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Commons Upholds Right to Anti-German Posters

The House of Commons in effect has reproved the authorities by whose order police yesterday visited Jewish shopkeepers of the Whitechapel district with demands that anti-German boycott posters be removed.

The issue was raised in the Commons by Major Attlee, who was supported by Winston Churchill, Major Nathan, Barnett Janner and Godfrey Locker-Lampson, among others.

John Gilmour, the Home Secretary, finally asserted that Jewish shopkeepers who prefer to restore their posters have a right to do so, and stressed the fact that ### police were using their own ### with no other intention than to maintain the peace. The Home Office, he said, was not moved to act by the representations of members of Hitler’s mission.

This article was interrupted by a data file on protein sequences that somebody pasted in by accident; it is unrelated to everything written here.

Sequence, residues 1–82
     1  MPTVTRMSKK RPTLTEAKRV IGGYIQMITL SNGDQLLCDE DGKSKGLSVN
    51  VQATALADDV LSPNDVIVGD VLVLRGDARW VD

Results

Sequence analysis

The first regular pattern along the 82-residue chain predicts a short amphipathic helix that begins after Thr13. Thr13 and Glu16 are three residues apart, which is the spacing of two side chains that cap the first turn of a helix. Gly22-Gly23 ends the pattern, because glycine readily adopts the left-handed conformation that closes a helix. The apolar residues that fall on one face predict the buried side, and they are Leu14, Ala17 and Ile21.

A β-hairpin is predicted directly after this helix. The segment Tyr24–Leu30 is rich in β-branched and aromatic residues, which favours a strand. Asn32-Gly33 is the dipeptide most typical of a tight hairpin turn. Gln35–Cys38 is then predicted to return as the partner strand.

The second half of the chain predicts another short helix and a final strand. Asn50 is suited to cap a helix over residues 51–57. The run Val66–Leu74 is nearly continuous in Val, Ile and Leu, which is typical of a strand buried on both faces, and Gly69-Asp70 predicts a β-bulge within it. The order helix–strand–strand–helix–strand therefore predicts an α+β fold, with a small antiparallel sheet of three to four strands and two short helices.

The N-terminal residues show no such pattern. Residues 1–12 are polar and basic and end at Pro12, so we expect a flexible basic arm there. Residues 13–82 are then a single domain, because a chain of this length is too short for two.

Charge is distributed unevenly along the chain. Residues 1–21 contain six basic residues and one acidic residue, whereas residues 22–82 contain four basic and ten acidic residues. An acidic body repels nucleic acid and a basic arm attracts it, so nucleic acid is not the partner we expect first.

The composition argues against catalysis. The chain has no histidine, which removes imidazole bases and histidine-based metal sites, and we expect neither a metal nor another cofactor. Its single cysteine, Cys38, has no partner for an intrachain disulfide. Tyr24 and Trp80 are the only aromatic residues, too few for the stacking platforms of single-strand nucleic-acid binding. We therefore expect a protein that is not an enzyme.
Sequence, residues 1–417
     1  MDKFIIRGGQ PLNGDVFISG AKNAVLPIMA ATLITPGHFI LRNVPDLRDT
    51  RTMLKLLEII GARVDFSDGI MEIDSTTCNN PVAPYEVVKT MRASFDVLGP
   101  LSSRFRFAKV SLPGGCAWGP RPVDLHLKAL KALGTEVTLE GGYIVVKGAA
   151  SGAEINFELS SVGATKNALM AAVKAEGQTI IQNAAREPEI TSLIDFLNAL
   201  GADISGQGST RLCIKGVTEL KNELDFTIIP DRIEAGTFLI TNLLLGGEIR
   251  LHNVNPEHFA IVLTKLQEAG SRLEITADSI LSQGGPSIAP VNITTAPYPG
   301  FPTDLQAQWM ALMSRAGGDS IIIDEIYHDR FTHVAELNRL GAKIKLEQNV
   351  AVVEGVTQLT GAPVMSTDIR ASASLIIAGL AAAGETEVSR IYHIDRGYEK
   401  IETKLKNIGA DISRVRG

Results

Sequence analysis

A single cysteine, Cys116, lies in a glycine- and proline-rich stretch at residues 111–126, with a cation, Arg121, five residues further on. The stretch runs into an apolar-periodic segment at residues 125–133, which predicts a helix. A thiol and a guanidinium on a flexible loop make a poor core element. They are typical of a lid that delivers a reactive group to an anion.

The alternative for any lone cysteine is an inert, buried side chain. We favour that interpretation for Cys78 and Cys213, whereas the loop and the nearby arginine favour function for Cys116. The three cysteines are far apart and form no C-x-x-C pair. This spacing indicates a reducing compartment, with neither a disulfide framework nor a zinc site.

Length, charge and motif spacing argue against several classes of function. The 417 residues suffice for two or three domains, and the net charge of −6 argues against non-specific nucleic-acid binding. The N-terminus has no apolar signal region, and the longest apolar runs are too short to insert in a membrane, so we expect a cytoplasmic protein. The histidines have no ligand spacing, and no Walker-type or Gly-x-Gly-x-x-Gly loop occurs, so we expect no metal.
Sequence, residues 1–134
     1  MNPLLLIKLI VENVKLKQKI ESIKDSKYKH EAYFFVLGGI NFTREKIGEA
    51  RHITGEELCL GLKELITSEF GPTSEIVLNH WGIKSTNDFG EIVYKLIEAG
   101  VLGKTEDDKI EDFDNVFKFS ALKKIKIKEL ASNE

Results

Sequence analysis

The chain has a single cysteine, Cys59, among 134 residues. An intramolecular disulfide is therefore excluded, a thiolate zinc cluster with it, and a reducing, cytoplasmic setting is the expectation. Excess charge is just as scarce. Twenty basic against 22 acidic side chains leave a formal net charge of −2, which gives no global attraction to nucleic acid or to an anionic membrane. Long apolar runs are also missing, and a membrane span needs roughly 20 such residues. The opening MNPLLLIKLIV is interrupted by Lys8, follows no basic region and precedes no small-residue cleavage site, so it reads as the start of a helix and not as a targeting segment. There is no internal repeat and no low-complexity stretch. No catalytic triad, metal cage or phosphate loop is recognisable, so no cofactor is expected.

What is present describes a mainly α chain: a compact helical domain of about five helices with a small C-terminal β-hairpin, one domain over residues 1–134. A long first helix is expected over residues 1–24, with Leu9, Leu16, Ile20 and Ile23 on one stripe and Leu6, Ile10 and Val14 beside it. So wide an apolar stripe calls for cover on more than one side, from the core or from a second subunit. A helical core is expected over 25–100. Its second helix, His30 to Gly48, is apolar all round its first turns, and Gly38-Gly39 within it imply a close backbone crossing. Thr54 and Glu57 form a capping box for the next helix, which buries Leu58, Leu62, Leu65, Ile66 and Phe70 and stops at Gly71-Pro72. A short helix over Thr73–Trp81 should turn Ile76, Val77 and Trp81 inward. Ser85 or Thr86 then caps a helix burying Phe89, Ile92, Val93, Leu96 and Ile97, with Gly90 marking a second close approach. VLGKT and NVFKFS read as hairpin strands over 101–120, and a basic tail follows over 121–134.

To Churchill’s pointed question as to the quarter from which the Home Office feared a disturbance of the peace in the ### that the posters were not removed, an evasive answer was given Pressed further by Mr. Churchill, the Home Secretary promised to make it clear the Government intends to allow all reasonable freedom of expression.

Actually the police orders against the posters had already been withdrawn before the debate, whereupon new posters appeared in even greater quantities in Jewish shops.

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